This post is one in a series building up to the release of Pursuant-sponsored relationship fundraising research conducted by Adrian Sargeant and Rogare that will be released in early 2016.
Caring about customers, and even being willing to say they are “always right,” has long been a part of marketing strategies and customer service. But the idea of placing primary emphasis on the quality of relationships, rather than on products or transactions, is relatively new. So where did it come from?
“Relationship marketing,” where an organization shifts its whole perspective on approaching customers based on the quality of the relationship that can be developed between them and the organization, dates from the 1970s . The Nordic School of Service Marketing and the Industrial Marketing and Purchasing group, in separate ventures, came to share a number of conclusions. In particular, they agreed that marketing needed to be built by leveraging relationships, rather than by stimulating a series of transactions.
A History of Relationship Marketing
What early relationship marketing studies realized was that the price of a product was not the key factor in securing a contract.
Instead, buyers apparently preferred to deal with suppliers who they had had past dealings with—presumably because they knew how these firms operated and could trust them to deliver.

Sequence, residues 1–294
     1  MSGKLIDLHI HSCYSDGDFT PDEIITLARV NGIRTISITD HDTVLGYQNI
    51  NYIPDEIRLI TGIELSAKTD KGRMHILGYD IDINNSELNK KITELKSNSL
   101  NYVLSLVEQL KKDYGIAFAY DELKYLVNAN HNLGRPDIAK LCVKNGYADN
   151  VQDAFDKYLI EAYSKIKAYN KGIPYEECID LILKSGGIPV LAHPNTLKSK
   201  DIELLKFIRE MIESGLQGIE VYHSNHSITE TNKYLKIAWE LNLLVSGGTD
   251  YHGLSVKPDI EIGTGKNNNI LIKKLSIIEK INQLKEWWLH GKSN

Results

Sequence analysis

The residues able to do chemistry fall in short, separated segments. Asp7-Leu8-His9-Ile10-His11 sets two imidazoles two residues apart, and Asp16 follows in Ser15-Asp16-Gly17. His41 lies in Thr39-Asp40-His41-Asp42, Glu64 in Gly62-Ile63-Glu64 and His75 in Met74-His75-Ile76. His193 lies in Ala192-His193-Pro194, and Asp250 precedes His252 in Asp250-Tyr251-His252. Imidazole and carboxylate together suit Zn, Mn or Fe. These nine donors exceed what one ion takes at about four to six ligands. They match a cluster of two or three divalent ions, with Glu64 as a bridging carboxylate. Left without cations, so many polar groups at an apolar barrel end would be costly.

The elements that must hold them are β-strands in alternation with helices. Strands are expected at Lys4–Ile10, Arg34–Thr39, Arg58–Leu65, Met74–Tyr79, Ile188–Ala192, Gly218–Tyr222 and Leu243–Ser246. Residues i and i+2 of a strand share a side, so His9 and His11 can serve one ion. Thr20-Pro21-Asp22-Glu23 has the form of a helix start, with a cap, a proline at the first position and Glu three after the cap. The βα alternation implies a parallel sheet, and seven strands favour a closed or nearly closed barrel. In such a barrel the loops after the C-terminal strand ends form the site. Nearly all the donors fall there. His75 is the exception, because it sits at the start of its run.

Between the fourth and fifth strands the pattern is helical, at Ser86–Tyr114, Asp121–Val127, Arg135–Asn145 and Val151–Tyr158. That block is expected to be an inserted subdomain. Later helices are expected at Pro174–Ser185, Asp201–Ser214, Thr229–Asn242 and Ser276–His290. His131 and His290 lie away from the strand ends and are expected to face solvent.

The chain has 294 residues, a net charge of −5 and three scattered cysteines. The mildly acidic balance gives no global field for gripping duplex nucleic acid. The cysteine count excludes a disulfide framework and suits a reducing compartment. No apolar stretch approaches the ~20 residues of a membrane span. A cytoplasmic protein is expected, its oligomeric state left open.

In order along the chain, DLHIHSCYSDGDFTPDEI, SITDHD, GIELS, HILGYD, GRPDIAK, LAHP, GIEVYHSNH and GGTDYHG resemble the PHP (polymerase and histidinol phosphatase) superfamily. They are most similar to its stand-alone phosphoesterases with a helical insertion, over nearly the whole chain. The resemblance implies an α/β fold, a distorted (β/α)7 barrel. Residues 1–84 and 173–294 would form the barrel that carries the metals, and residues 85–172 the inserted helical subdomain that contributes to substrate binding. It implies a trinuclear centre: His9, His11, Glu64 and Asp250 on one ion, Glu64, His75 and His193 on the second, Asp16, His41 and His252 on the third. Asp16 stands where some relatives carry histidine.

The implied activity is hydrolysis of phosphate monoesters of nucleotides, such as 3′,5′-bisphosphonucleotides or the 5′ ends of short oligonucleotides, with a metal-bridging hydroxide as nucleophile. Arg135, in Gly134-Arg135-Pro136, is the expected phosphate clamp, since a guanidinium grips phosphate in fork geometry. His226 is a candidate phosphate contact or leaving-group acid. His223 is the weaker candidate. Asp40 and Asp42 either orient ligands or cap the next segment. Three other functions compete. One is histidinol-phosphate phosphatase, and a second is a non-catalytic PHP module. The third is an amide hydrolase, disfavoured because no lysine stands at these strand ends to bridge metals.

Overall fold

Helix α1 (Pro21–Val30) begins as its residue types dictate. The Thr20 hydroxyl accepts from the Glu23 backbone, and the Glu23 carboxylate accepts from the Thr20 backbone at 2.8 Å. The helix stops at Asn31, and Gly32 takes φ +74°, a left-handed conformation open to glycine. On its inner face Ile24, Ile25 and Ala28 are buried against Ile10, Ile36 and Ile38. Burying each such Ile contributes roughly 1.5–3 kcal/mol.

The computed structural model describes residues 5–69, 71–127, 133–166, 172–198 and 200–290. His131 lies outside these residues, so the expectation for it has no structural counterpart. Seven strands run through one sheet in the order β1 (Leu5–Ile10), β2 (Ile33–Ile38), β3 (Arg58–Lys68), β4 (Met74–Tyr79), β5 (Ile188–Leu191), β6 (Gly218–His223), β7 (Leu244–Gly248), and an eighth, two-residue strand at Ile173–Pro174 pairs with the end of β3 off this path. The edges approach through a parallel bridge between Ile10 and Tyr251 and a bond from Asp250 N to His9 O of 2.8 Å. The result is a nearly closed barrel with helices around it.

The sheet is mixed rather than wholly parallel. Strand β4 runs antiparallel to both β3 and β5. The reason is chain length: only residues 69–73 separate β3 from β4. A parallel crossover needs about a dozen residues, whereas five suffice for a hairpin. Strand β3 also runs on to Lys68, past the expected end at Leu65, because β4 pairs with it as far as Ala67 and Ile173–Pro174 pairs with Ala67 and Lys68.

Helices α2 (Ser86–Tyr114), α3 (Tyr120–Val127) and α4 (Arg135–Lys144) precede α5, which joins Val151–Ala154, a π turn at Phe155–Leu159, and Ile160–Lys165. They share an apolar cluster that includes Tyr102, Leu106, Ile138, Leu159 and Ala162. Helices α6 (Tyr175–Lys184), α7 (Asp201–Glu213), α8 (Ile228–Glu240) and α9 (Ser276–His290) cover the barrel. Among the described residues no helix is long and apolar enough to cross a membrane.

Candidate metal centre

In other words, the quality of supplier relationships outweighed the cost of the product or service the supplier was offering.
These studies and observations from the 1970s were conducted in a strictly business to business (BTB) domain—it was not until the late 1980s that these ideas began to be applied in a business to consumer (BTC) context. In fact, in the early 1980s, BTC marketers were aware of the relationship marketing ideas being circulated among the BTB community, but were convinced these could never be applied to their own models. But by the early 1990s, technology had caught up and was beginning to prove the adaptability of relationship marketing to new arenas: customer databases could be analyzed to calculate the “lifetime value” of a given consumer, and help a company to identify their most important customers and implement potential cross-sell or up-sell opportunities. These new analytical processes began to open up the ways relationship marketing strategies could be fruitfully engaged.
Around this time, Ken Burnett was writing his own Relationship Fundraising text. Relationship fundraising and relationship marketing in the BTC context developed simultaneously, and both emerged from the philosophy of relationship marketing that was being applied in the BTB context. The philosophy and practices have spread ever since, with a surge of consumers joining loyalty programs and in other ways demonstrating they were indeed desirous of relationships with business organizations. And since that time, relationship marketing has been credited with increased customer cooperation, a reduction in new product failures, increased purchases, and decreased customer defection. For their part, customers have appreciated not having to settle for mass-produced goods or manipulative marketing techniques. The relationship model has benefited all sides.